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Australia mauls Malaysia

By S. Thyagarajan

South Africa 1 India 0

Australia 7 Malaysia 1

SYDNEY, APRIL 25. Australia annihilated Malaysia 7-1 to claim the trophy in the second leg of the twin four-nation men's hockey challenge on a glorious sunny afternoon at the Olympic Park in front of a big Sunday crowd. Australia, which led 4-0 at half-time, had won the first edition too at Canberra last week, beating India.

Earlier, in a match that underscored the hesitant approach of the Indian team, South Africa had the last laugh, snatching a laboured but morale-boosting 1-0 victory, to finish third.

There was no doubt about the outcome of the final and only the margin remained in doubt. The match turned out to be a target practice for the home team.

On Saturday, Malaysia had gone down 5-1 and by a whopping 9-0 margin at Canberra. The Aussies scored 21 goals (with two against) in the three games against Malaysia in the two editions here.

The Aussie attack broke through whatever resistance Kuhen Shanmuganathan and his defence could put up. The early goal by Micheal Brennen opened the floodgates and soon Brennen helped Jaime Dwyer increase the lead. This was followed by Andrew Smith's stunning shot off a cross from Micheal Boyce.

Andrew Commens then converted a penalty corner after goalkeeper Kumar Subramaniam had made a feeble save from Smith.

Malaysia's defining moment came shortly after the break. It was appropriate that Chua Boon Huat got the goal, as he was the only enterprising attacker in the squad. His immaculate deflection off a free hit by Shanmuganathan brought cheer to the Malaysians.

The Aussies, meanwhile, continued to bombard the rival citadel and Troy Elder pumped in a penalty corner. A lovely passing bout between Commens and Nathan Eglington culminated in the former slotting home the sixth goal.

Dwyer scored the seventh with a quarter of an hour left in the game but the Malaysians held on gamely to prevent any more goals.

Lack of motivation and mobility saw India slip to a rare defeat against the South Africans. Although the margin was narrow, the touch of assurance displayed by the South Africans stood pronounced.

With the frontline totally out of tune, there was nothing in the attack to breach the well-organised South African defence.

Arjun Halappa, usually the livewire in this area, was off-colour today, leaving the sharp shooters — Gagan Ajit Singh and Deepak Thakur — clueless right through. Even the few attempts Gagan made were inadequate to overcome South Africa's stout defence.

Lacking in creativity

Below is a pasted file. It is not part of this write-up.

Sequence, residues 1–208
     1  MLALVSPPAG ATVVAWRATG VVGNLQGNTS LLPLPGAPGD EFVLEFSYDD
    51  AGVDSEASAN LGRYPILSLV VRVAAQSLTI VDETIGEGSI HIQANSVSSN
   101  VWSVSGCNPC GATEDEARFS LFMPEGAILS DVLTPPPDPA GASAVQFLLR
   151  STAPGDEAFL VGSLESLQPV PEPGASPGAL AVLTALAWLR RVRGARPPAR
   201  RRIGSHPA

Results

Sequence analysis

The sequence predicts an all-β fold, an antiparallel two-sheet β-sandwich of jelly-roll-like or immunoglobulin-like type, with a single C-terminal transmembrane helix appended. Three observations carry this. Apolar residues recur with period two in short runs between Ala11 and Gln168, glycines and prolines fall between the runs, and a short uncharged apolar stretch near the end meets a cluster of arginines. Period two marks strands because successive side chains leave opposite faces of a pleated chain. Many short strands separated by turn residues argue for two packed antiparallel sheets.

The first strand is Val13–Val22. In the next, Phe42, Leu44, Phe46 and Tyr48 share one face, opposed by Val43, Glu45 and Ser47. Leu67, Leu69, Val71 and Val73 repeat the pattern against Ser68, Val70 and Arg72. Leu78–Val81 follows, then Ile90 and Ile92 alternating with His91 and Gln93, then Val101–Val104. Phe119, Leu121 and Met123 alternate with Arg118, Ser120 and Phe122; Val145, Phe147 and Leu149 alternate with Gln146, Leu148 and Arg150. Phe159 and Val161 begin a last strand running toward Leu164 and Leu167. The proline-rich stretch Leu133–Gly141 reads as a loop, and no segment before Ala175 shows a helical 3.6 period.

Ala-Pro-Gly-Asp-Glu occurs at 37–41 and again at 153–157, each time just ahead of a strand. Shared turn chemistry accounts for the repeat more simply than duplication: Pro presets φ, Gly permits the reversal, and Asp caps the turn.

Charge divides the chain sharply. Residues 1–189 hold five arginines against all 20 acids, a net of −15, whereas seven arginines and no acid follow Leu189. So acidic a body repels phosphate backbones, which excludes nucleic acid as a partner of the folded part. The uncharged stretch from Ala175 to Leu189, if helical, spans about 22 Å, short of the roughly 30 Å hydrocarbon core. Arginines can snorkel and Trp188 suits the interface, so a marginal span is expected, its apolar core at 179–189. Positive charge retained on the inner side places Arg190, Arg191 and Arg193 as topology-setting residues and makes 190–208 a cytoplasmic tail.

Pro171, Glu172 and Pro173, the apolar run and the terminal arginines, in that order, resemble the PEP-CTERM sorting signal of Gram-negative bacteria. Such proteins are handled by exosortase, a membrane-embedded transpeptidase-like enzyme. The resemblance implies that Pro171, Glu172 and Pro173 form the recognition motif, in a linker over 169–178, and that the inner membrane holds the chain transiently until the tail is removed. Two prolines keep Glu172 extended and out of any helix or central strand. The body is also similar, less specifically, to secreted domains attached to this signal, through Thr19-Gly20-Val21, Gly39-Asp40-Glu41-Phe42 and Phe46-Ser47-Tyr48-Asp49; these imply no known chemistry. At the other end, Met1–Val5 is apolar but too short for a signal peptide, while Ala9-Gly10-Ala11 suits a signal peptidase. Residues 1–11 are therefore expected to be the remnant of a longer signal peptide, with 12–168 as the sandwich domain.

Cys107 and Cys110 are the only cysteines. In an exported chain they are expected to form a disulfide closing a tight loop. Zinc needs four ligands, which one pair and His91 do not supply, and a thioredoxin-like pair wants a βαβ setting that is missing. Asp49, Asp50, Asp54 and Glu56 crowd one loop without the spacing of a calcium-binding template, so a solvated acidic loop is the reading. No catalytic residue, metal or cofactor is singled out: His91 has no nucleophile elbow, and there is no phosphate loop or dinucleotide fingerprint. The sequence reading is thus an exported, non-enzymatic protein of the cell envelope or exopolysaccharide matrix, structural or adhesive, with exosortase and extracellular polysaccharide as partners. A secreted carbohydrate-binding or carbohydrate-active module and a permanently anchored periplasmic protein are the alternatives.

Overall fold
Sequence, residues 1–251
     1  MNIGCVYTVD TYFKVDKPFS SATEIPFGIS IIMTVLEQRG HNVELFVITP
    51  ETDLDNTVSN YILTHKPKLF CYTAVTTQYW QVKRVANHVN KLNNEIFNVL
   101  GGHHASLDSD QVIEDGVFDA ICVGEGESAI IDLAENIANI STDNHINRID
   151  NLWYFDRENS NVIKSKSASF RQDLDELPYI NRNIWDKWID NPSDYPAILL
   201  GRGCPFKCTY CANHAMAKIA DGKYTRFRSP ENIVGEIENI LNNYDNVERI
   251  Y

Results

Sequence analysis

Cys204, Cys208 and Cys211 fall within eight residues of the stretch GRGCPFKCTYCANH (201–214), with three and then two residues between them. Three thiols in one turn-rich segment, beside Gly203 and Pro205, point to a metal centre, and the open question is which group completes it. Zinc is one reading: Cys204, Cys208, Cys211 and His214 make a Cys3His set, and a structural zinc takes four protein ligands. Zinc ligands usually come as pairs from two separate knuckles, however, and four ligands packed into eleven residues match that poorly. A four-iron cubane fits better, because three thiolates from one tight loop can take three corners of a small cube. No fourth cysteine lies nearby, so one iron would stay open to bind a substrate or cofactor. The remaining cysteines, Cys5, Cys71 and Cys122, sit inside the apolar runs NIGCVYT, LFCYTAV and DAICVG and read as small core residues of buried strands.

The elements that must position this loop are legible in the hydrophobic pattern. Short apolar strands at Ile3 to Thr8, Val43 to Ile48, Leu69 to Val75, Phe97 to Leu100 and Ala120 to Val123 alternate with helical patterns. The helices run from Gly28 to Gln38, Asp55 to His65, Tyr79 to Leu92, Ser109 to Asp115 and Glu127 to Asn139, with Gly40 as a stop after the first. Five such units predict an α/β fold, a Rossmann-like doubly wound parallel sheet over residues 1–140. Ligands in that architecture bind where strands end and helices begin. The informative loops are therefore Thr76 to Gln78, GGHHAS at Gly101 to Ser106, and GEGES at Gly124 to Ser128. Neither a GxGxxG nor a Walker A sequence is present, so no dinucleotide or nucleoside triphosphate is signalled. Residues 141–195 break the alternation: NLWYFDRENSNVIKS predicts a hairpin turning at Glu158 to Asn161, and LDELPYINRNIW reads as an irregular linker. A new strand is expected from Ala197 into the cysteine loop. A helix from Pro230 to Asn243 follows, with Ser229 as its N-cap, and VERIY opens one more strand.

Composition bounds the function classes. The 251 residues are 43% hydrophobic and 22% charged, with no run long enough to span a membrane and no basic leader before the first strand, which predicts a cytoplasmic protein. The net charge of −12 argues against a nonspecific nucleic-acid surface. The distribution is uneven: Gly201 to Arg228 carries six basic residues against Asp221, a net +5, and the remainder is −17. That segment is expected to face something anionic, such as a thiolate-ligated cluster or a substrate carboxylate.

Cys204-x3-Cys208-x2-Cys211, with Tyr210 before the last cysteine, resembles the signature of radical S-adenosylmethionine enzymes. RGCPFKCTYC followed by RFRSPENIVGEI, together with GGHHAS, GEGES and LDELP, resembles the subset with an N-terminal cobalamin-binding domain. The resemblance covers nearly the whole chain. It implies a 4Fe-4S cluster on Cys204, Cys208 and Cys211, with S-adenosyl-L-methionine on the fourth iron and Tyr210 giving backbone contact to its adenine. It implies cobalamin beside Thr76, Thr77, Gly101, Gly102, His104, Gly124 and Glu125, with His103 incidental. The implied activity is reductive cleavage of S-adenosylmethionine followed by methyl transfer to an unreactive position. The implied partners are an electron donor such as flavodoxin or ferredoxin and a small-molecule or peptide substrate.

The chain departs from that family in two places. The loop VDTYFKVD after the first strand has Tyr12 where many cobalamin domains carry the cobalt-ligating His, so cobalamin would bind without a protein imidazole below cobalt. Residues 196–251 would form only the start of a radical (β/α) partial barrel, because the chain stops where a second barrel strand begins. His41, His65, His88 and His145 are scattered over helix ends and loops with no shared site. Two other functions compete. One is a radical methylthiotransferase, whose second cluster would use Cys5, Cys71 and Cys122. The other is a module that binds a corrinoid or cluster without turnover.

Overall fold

The Indian midfield strove manfully to keep up the tempo. The trio of Ignace Tirkey, Bimal Lakra and Viren Resquniha did a neat job with their interceptions. However, when it came to creativity — the breath word of the midfield — none of them was up to the mark.

Strangely, Viren and Sunil Yadav were used on the flanks and the work by substitute Jatinderpal was poor. Ignace, as the pivot with Bimal, turned out to be a bad experiment.

India missed a glorious chance when Arjun failed to connect a cross from Yadhav. This was the best moment of the first half for the Indians.

The substitute goalkeeper Francois du Plessis brought off a brilliant save to baulk an effort from Gagan Ajit Singh, providing the finishing touches to a move initiated by Bimal and developed well by Arjun. Plessis also stopped another wristy flick by Len Aiyappa off a penalty corner.

Ken Forbes' solid work in the defence stood out while Greg Nicol found the match-winner off a penalty corner, midway in the second half. Greg Clark repeatedly tested the Indian deep defence but Devesh Chauhan brought off a few good saves from the seven penalty corners the South Africans forced compared to three by India. One save off Greg Nicol late in the match was particularly impressive.

The way the team finished at the bottom of the table after beginning as the defending champion here should convince the Indian Hockey Federation top brass that the preparation for the Athens Olympics is on the wrong track.

The Australian sojourn should make the policy makers work overtime to set right the `grey areas' coach Rajinder Singh repeats and regrets about after every setback.

Interestingly enough, India and South Africa are in the same pool at Athens, unless the case of Greece in the Court of Arbitration goes against it. Maybe, the Indians will now pray for Greece getting a favourable verdict from the CAS!

Ms. Pam Tye, President, Hockey Australia, gave away the trophy.

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